Customer Data Platform: The Bran We Could Have Used Before

Chain-based attribution, as described above, is available only because of advancements in technology, namely the customer data platforms (CDP). A CDP is designed specifically with marketing in mind, and is architected with machine learning and AI to integrate siloed data, create dashboards, and automate workflows in ways other tools in the martech stack cannot.

It’s incredibly powerful, and it is paving a new path forward for marketing and sales teams. Hi there, Bran.

Using automated machine learning to work faster and with smaller, less-than-perfect data sets, the CDP can reverse engineer Closed-Won/Closed-Lost account journeys and surface insights and recommendations on the right marketing mix of channels, touches, and cadence, based on the account characteristics.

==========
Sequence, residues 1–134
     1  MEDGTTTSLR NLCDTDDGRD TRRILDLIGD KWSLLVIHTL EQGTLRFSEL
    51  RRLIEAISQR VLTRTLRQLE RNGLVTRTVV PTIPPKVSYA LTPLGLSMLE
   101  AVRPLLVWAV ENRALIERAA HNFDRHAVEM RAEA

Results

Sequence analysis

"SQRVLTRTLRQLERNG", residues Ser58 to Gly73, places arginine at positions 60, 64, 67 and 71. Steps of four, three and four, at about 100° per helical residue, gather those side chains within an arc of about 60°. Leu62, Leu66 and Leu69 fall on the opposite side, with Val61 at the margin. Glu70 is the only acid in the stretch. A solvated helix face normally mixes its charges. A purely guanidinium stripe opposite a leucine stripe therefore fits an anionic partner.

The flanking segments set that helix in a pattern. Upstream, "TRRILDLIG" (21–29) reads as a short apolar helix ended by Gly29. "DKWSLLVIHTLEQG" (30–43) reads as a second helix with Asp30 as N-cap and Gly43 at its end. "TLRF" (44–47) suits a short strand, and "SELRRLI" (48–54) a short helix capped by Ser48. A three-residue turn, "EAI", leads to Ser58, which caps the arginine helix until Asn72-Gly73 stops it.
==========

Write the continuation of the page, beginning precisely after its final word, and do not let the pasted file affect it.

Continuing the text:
Take the case of a Fortune 500 tech company that couldn’t find a way to determine the ROI of its multi-million dollar annual customer event. They didn’t know whether to cut back or increase spend going forward. With the switch to a CBA model they easily determined which attendees and engagements at the event were associated with closed deals, and made budget allocation decisions for the following year with confidence. The CDP also integrated event data into overall customer acquisition cost and customer lifetime value metrics. 

A CDP is smarter, faster, unbiased and nets more accurate attribution results you can use to make better marketing decisions. Lead-focused marketing is going the way of the Iron Throne. It still stands today, but there’s a dragon in our midst with deep feels and a flame in its belly.

Where will you stand in the new marketing world order?